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  • Writer's pictureArya

Consent of Children on Social media - The Rise family channels

“Hey, buddy, is posting your birthday photos online okay?”

To many parents, there is an easy answer - “Well, it's my child, and I just want to post their milestones and funny incidents of them online to share them with friends and family.” Although your intention might be pure, the outcome most certainly isn’t.

Consent is a pivotal part of our society and keeps our community safe and comfortable. When I was young, my parents quickly taught me about ‘bad touch and good touch’. It was one of my first lessons on consent and the most impressionable. The simple “Ask before you do” was enough for my little mind to feel comfortable in my skin and have the freedom of individuality even though I was 5!

As parents, do you ask your children before posting photos of them online?

Parents need to understand that once something goes on the internet, even if you change your mind and delete the content, it still wanders in the loopholes of the internet. It is, and it is fully erased. Those images of your newborn in their nappies and their little accidents will live on forever in the vast black hole of the internet. When parents and caregivers post their children's milestones and funny videos on the internet, they must be aware that they are not always used for the right reasons. An article by Stephanie Sokol suggests the implications of child images online. She questions parents on consent and how their children would feel when their funny moments are exposed and put into the internet to entertain family and friends. She suggested that as children grow up and find these contents of their childhood, it can prompt them to lose trust in their parents and grow up fearing being judged. Even if you, as a parent, trust that you are posting on a private account, these videos can be captured through screen sharing and screenshots and shared with many people. Parents must understand that little children cannot consent, and given their nativity and inability to consent, parents must respect their privacy and refrain from posting content that can shame their children.

A new trend for parents on YouTube and TikTok is to start family channels. As a child, I watched many family channels do their pranks, funny videos, and family activities with their children. Family channels are nothing without their children, and the children are the main attraction. But there are some instances where these videos of your children for the entertainment of others go too far. In 2017, Mike Martin, the owner of the Youtube Channel DaddyOFive, was involved in a huge controversy where he used his children as ‘props’ as he pushed them to their limits, and exhibited abusive behavior to make some money from Youtube's monetisation schemes. The videos depicted pranks where his oldest child used to pass abusive and uncomfortable comments to the younger ones, to which they would respond with tears and postures of discomfort. What did these children do to lose their privacy at such a young age? Their parents want to make money off their children's lives, ruin their self-image and cause permanent trust issues to their caregivers. Later Martin lost custody of two of his children.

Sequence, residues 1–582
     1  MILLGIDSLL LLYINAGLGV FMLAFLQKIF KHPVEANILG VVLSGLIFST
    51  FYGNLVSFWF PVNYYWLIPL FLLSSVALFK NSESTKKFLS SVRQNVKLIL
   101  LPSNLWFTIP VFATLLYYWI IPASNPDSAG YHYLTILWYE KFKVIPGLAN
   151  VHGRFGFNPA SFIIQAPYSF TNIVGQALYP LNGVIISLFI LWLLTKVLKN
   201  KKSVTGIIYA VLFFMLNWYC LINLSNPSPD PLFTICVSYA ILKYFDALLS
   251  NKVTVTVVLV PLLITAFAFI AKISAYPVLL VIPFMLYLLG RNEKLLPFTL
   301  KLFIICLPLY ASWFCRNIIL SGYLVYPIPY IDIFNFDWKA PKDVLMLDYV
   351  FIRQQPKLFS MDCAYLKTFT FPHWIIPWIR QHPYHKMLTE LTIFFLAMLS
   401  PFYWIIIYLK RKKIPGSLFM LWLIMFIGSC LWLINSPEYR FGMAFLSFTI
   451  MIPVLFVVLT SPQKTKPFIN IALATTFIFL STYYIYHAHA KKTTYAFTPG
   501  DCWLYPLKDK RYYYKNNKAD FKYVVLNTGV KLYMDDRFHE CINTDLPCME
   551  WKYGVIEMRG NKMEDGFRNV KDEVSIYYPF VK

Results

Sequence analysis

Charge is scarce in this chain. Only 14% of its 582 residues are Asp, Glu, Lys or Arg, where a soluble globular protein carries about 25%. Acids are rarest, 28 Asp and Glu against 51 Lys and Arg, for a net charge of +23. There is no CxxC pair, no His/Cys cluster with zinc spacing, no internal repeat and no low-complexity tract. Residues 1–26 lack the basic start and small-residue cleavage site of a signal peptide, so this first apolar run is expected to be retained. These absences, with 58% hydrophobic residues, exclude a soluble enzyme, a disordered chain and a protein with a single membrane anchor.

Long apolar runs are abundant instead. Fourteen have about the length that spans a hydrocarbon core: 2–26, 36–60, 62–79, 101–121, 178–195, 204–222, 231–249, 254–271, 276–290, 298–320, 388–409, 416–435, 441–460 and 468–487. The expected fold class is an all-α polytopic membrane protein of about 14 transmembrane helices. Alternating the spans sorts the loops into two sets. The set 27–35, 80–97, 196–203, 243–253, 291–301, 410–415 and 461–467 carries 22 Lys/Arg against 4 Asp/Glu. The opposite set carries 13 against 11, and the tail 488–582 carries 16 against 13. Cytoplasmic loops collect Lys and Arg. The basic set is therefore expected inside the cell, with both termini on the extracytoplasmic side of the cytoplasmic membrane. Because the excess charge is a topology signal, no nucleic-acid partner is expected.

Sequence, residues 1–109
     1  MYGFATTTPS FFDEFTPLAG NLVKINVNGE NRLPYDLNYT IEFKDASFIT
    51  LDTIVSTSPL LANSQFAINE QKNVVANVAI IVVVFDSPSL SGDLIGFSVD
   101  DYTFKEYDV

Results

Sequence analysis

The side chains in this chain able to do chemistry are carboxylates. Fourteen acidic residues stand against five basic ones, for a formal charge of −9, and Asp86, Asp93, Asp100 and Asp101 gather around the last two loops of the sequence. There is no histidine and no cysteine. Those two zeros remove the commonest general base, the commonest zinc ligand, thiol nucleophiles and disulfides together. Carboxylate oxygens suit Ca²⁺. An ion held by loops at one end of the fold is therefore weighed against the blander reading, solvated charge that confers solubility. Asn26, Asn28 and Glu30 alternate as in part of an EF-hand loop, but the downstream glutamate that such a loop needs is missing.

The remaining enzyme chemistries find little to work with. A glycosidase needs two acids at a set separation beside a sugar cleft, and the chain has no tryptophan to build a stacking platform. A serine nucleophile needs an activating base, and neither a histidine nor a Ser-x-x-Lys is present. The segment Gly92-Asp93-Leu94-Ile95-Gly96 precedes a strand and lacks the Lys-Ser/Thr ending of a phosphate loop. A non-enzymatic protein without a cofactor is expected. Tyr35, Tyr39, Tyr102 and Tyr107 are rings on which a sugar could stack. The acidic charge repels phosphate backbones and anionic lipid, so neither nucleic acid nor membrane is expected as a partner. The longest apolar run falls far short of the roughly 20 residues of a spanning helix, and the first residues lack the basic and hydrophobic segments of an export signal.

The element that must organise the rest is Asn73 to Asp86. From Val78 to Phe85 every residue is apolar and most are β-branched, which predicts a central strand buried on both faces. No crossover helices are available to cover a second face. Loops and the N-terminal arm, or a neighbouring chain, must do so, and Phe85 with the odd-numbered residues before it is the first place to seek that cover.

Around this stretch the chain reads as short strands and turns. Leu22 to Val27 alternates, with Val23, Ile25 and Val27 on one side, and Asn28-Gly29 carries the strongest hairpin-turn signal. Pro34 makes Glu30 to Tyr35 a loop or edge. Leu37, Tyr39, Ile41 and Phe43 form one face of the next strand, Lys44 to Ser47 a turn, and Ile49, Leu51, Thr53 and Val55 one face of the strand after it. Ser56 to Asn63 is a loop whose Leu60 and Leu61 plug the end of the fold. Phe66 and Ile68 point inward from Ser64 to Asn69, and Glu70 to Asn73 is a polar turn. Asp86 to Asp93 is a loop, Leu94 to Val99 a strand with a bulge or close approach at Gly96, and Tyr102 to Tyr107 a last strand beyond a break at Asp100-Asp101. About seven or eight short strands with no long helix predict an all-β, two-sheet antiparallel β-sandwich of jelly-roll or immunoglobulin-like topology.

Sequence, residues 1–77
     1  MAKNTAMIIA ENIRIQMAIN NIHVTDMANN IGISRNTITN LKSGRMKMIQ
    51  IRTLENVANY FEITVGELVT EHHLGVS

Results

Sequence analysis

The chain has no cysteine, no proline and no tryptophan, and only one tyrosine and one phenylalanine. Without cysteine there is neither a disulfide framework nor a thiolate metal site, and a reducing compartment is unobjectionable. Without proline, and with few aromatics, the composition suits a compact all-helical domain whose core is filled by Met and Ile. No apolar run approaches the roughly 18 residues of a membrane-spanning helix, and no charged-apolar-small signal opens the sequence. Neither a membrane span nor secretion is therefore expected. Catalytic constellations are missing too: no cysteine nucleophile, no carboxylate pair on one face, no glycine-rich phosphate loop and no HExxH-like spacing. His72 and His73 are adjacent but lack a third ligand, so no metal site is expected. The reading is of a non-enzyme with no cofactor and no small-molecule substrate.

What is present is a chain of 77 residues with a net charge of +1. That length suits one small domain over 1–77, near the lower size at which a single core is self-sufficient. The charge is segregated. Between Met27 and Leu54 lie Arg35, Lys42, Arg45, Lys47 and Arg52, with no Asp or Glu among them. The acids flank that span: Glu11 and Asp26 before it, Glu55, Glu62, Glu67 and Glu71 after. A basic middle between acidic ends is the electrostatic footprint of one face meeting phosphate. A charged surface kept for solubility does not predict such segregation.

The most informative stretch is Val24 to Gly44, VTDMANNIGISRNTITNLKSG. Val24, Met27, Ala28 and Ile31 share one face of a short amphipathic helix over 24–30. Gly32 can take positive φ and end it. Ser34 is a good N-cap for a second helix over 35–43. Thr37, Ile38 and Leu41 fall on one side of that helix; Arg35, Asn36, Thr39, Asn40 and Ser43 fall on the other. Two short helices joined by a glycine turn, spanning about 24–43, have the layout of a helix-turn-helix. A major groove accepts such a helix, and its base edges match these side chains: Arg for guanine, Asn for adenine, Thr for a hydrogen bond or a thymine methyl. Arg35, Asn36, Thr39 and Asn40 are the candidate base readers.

But this is not the only case. There has been a rise of parents on TikTok who express their concern about children’s videos that are going viral on the platform. There has been an unhealthy number of saves, likes, and downloads of babies doing the most normal things - curling their toes, yawning, sneezing. Why are hundreds and thousands of people saving these videos? How do you, as a parent know what people on the internet use it for? A content creator on TikTok who goes by “World Shaker” shares his experience with posting children online. Being a dad himself, he seems visibly distressed as he explains that he saw a video where a dad ‘pats the bottom of his bare child.’ He states that the video had its comments disabled and 900 saves. This is disgusting. I am distressed by just thinking of the predators online and how they use such content, displayed FREELY by parents who think this is entertainment. Tampering with the little child's privacy as they are exposed to the public eye.

To all the parents who post their children online, my humble request is - Don’t.

I understand that sometimes they are too cute not to show, and even then try to cover their bodies and faces. The internet is a vast and uncontrollable domain, even if you think what you post is innocent. Trust me; there are people online who will use it in an unimaginably sickening way. Do your child a favour and respect their privacy, as you would like yours respected.

Written by Arya - 18yrs.


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